Ensuring Academic Freedom Goes Hand-in-Hand with Cyber Security

04 Sep 2017 | Academy | Consultancy | News

Cyber attacks are on the increase and organisations’ data and networks are now more at risk from sophisticated cyber criminals than ever. But it’s not just governments, financial institutions, retailers, and businesses at risk. It has been reported that more than a third of UK universities are hit by a successful cyber attack every hour and 87 per cent of UK Universities have experienced at least one successful cyber attack.

When hackers gain unauthorised access to student data, dissertation material, exam results, research data, and intellectual property, the results can be catastrophic. Universities are left with a potentially massive expense to put things right, and experience interruption to research projects, damage to their reputation, and attacks can even impact national security.

The Collaborative Nature of Universities
First and foremost, higher education aims to stimulate learning and facilitate research. To facilitate this, institutions provide a unique cultural environment with open access to information technology resources, group collaboration, and free communication, both internally and externally. Certain resources are made available to students for course-related research, and even to the public. Historically, there has been little restriction on access to information for precisely this reason.

Clamping down excessively on access and security control could be averse to this ethos, counter productive to study, and rob the higher education learning experience of its purpose. Chief Information Officers (CIOs) must consider the nature of higher education carefully in order to implement the cybersecurity measures that are essential to protect staff, students and institutions’ economic and private interests from vulnerability.

How Do You Ensure Cybersecurity on Campus?
Freedom to access information and IT resources is a crucial part of academia. But there are things you can do to prevent cyber attacks from occurring and to enable damage limitation if an attack does occur. What can be done to protect universities and higher educational institutions from cyber attacks without these security measures impacting on the teaching, learning, and research that is central to their existence? cyber attacks from occurring and to enable damage limitation if an attack does occur. What can be done to protect universities and higher educational institutions from cyber attacks without these security measures impacting on the teaching, learning, and research that is central to their existence? cyber attacks from occurring and to enable damage limitation if an attack does occur. What can be done to protect universities and higher educational institutions from cyber attacks without these security measures impacting on the teaching, learning, and research that is central to their existence?

Image: Pixabay

Take Individual Needs into Account
Scholars need to communicate their needs to the appropriate people in order for Chief Information Officers to determine who needs access to exactly what. They can then take steps to accommodate each individual’s needs while avoiding users accessing resources they don’t need and running the risk of introducing new security risks.

Minimise Security Vulnerabilities While Maximising Productivity
CIOs will require input from faculty and students to determine an acceptable risk level so that they can devise appropriate security policies. For example, a two-factor authentication scenario may be time consuming and inconvenient to users, but the risk could render it necessary in some instances.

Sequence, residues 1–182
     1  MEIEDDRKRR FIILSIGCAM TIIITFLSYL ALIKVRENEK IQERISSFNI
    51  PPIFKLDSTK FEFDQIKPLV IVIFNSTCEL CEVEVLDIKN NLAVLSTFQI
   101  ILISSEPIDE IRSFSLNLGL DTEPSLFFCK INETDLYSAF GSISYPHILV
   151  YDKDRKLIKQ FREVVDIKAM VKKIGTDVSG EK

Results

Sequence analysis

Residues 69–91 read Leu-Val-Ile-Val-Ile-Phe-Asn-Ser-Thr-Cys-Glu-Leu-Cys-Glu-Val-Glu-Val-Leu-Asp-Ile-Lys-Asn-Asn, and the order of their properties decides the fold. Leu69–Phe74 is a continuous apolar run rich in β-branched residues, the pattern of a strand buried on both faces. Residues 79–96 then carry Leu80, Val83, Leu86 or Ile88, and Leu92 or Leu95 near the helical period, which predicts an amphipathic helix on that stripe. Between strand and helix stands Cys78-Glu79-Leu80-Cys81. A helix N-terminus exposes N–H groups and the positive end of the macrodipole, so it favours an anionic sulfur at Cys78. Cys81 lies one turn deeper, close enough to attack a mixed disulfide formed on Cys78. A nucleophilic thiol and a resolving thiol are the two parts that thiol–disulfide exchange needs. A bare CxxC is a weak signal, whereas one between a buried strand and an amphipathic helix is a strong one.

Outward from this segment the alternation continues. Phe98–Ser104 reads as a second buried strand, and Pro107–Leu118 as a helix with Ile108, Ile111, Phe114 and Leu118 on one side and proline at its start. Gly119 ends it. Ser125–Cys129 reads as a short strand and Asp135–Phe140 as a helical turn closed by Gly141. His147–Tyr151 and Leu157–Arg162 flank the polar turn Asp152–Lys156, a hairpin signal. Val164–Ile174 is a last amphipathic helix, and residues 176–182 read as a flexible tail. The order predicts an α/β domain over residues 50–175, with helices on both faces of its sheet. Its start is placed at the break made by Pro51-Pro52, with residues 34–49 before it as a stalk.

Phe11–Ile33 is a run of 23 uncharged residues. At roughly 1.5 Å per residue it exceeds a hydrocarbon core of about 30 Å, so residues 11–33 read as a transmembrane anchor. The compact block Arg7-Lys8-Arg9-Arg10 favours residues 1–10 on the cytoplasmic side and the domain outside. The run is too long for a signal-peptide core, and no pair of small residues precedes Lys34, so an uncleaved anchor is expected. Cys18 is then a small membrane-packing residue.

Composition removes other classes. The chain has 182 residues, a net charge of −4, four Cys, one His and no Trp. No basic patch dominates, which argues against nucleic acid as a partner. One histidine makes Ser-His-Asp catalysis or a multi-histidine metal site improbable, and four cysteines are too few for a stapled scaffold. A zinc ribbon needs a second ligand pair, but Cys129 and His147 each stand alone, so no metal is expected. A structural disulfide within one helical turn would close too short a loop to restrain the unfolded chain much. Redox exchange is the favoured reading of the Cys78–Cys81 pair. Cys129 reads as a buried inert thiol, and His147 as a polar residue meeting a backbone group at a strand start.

Establish Trust and Transparency
Users need to know they can raise their concerns about a potential problem or security incident immediately, without being judged. Trust is crucial to avoid a situation from occurring where a student or member of staff keep information to themselves or attempts to resolve an issue on their own, and the situation deteriorates.

Educate and Inform
All users need to be on board and aware of procedures and what to look out for when using IT resources. Make everyone aware of threats such as phishing and be sure to explain risks using language with which individuals can relate – do not assume users have prior knowledge or are already aware of IT terms. Remember that a misinformed user could turn out to be a major security vulnerability on board and aware of procedures and what to look out for when using IT resources. Make everyone aware of threats such as phishing and be sure to explain risks using language with which individuals can relate – do not assume users have prior knowledge or are already aware of IT terms. Remember that a misinformed user could turn out to be a major security vulnerability.

Improve Communication
A culture of two-way communication between CIOs and all IT users will be mutually beneficial. When new or additional security restrictions are announced, they reach the end users seamlessly. The problem with cyber security is that it cannot be controlled by a single person and effective communication is crucial.

Encourage Appropriate Use
Users need to be aware that it is their responsibility to notify I.T. staff before they take action that could impact on security. If a user repeatedly violates security policies, there must be appropriate consequences; for example the loss of access privileges. Similarly, consider rewarding appropriate behaviour, and recognising proficient users and delegating security-related responsibilities to maximise efficiency.

Although cyber security is increasing in seriousness, frequency and sophistication, there are things you can do to protect your university or higher educational institute from becoming a victim of cyber security crime. Get in touch with us for more information on how we can help your educational institute, college, or university.